“This is the highest amount of grants ever signed in a single year by the Global Fund,” the group said.
The Global Fund has signed $8.54 billion worth of grants for lifesaving programmes to reduce the burden of HIV, tuberculosis and malaria in the world.
The Global Fund, in a statement published on its website on Tuesday, said it signed 157 grants for a total of $8.54 billion for lifesaving programmes to strengthen health systems globally.
“This is the highest amount of grants ever signed in a single year by the Global Fund,” it said. The implementation will begin in January.
The Global Fund to fight HIV/AIDS, Tuberculosis and Malaria is an innovative international financing mechanism established by the United Nations in 2002, with its headquarters in Geneva, Switzerland.
It is a pool where countries, public and private institutions donate money for disbursement according to HIV, TB and malaria needs of countries.
From 2001 through 2016, the largest contributor by far was the United States, followed by France, UK, Germany, and Japan.
Programmes are implemented by in-country partners such as ministries of health, while the Global Fund secretariat, whose staff only have an office in Geneva, monitors the programmes.
Implementation is overseen by Country Coordinating Mechanisms (CCM) and units that need to include, according to Global Fund requirements, “a broad spectrum of representatives from government, NGOs, faith-based organisations, the private sector, and people living with the diseases.”
According to the statement, the Fund has a total of $12.71 billion available in funding allocations for the three-year funding cycle that runs from 2020-2022.
Of these funds, it had planned for US$8.9 billion in grants to be approved in 2020, with the remaining funds scheduled for later start dates.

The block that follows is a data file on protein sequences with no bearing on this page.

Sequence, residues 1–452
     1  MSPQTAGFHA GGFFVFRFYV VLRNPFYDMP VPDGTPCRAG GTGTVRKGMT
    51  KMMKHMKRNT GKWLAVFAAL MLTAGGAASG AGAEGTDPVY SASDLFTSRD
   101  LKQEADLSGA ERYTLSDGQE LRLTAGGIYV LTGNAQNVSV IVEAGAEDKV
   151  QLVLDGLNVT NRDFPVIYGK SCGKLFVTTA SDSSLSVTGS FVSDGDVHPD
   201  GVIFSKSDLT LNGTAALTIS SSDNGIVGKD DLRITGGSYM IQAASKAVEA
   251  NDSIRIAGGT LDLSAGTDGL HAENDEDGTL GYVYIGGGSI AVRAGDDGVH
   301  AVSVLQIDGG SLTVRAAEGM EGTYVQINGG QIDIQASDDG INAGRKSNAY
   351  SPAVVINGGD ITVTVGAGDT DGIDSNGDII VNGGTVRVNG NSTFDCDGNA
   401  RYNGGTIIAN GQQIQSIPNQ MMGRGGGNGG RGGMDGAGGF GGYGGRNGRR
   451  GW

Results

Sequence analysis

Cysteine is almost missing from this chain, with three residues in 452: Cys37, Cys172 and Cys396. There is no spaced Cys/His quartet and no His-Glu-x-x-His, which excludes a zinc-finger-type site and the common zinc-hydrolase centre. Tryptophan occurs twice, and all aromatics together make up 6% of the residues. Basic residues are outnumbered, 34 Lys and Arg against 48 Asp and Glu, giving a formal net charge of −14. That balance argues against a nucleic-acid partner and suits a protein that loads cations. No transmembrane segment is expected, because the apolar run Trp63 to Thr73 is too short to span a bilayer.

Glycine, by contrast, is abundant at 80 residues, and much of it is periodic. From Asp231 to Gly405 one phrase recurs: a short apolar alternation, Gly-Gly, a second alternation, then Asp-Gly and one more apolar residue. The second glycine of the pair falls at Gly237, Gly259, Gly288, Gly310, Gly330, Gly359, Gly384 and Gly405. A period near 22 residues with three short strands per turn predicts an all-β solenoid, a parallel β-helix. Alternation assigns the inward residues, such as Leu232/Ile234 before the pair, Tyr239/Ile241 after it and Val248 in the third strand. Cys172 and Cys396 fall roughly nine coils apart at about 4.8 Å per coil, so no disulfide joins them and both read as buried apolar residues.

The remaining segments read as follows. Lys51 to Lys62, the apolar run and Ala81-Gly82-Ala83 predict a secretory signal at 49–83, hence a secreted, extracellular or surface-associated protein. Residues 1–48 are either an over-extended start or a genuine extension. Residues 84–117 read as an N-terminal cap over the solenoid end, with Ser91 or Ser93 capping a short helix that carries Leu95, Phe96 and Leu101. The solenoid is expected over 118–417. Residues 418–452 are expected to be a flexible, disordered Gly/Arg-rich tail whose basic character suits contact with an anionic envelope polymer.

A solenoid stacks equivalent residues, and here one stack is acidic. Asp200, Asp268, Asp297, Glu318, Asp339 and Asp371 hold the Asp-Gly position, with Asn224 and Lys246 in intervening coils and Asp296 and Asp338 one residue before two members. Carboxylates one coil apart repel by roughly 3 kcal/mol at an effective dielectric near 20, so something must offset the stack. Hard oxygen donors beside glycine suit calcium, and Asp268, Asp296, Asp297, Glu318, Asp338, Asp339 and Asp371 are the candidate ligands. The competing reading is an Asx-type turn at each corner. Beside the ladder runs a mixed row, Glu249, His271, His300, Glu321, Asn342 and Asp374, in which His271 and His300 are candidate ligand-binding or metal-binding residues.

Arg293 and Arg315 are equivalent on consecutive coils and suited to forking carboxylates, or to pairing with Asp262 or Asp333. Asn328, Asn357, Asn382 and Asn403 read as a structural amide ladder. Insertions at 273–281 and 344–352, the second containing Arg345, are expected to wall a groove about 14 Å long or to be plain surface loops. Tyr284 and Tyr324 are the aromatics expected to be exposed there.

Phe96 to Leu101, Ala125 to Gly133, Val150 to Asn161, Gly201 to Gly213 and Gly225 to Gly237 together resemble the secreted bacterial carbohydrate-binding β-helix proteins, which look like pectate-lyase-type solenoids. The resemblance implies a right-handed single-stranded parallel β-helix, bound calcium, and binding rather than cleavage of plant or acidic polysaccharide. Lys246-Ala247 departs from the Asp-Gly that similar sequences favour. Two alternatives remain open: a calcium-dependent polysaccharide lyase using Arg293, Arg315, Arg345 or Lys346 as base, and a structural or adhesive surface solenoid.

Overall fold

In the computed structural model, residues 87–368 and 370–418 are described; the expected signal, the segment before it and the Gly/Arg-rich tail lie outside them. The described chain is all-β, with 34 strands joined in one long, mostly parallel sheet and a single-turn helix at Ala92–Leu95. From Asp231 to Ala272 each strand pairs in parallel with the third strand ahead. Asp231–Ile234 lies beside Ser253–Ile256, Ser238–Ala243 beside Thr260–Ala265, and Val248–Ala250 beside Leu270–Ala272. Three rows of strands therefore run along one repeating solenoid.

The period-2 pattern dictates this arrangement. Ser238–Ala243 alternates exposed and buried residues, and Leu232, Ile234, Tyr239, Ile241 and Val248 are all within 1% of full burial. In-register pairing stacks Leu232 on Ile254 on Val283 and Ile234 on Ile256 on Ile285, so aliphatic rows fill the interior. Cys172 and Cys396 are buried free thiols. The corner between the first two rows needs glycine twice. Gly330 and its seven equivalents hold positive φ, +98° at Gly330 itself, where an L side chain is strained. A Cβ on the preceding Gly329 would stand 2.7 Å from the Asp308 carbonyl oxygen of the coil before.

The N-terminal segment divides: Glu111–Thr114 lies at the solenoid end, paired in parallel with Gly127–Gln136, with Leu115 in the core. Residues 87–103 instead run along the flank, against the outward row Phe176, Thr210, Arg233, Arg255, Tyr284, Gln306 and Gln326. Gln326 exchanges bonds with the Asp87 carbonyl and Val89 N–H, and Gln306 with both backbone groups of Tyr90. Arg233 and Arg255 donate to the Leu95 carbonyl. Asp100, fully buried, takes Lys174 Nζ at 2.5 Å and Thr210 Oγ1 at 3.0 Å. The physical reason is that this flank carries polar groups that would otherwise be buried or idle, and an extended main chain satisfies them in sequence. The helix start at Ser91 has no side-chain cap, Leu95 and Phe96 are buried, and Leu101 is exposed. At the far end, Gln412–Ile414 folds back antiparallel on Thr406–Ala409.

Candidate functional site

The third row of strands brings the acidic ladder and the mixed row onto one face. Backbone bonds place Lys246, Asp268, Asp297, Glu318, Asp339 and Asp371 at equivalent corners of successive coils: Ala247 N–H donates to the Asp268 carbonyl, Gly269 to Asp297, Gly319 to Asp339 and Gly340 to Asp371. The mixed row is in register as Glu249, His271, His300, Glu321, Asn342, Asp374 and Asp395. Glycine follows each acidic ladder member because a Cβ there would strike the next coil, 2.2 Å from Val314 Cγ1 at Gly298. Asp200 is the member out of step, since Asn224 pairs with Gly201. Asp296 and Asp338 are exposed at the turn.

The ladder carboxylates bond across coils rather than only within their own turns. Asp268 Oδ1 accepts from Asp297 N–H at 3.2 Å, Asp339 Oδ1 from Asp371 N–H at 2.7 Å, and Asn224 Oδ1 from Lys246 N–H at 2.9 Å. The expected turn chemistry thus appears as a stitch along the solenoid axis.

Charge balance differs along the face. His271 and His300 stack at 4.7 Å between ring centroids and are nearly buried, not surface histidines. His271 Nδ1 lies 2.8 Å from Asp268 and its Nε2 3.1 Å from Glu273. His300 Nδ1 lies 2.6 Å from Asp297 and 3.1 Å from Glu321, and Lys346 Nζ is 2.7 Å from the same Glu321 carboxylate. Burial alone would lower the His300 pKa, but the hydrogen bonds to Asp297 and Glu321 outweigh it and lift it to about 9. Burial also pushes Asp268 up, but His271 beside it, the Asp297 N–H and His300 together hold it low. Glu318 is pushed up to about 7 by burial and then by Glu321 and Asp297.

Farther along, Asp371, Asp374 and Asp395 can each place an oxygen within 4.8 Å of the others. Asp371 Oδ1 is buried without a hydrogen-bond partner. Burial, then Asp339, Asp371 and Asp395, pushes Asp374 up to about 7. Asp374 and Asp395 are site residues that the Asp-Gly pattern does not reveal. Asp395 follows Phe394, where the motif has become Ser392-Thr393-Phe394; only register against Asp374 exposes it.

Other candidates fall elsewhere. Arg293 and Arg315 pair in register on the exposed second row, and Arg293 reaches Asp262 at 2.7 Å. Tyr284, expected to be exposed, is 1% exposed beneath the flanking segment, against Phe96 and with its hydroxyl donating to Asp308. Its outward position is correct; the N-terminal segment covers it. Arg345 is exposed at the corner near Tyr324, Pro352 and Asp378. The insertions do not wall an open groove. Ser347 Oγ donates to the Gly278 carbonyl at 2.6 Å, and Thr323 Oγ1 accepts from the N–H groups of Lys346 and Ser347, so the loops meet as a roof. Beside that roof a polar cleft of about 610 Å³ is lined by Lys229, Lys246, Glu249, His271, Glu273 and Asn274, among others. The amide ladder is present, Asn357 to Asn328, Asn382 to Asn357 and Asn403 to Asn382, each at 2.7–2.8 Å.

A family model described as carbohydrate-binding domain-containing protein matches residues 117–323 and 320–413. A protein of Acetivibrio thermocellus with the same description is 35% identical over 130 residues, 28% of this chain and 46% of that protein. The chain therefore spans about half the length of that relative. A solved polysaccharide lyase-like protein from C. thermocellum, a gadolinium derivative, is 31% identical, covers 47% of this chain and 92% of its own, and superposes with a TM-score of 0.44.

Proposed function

However, the secretariat accelerated its grant-making efforts and exceeded the original target, approving $9.2 billion of funding in 2020.
“As of 31 December 2020, US$8.54 of the approved grants had been signed and begin implementation this month; two countries were still in the process of signing the remaining finalized grants worth US$660 million,” it said.
Donald Kaberuka, Global Fund Board Chair said even in the midst of a global pandemic, the Global Fund partnership supported countries to develop grants more quickly and effectively than ever before.
Mr Kaberuka said a record-breaking 67 per cent of grants for the 2020-2022 funding cycle have now been signed, compared to 50 per cent of grants signed at the same time in the last funding cycle.
“In comparison, at the same time in the 2017-2019 funding cycle, the Global Fund had signed US$5.2 billion in grants out of a US$10.3 billion funding allocation.
“This is representing a remarkable increase in performance,” he said.
According to the global fund, an additional $980 million was approved to 106 low- and middle-income countries and 14 multicountry programmes to respond to COVID-19 in 2020.
It estimated that it needs a further $5 billion on top of its core funding to support countries in responding to the pandemic “by reinforcing national COVID-19 responses; mitigating the impact of COVID-19 on lifesaving HIV, TB and malaria programmes; and making urgent improvements to health and community systems.”
The Executive Director of the Fund, Peter Sands, described the development as an exceptional one.
He said the grants will help more than 100 countries to fight these diseases that kill millions of people yearly.
“This is an exceptional achievement that will help more than 100 countries continue the critical fight against HIV, TB and malaria – epidemics that kill more than 2.3 million people every year,” he said
Mr Sands said the COVID-19 pandemic has overwhelmed health systems around the world, making it important to ensure countries have the resources they need to fight HIV, TB and malaria.
He said the resources will also contribute to strengthening the systems for health needed to respond to all four diseases, including COVID-19.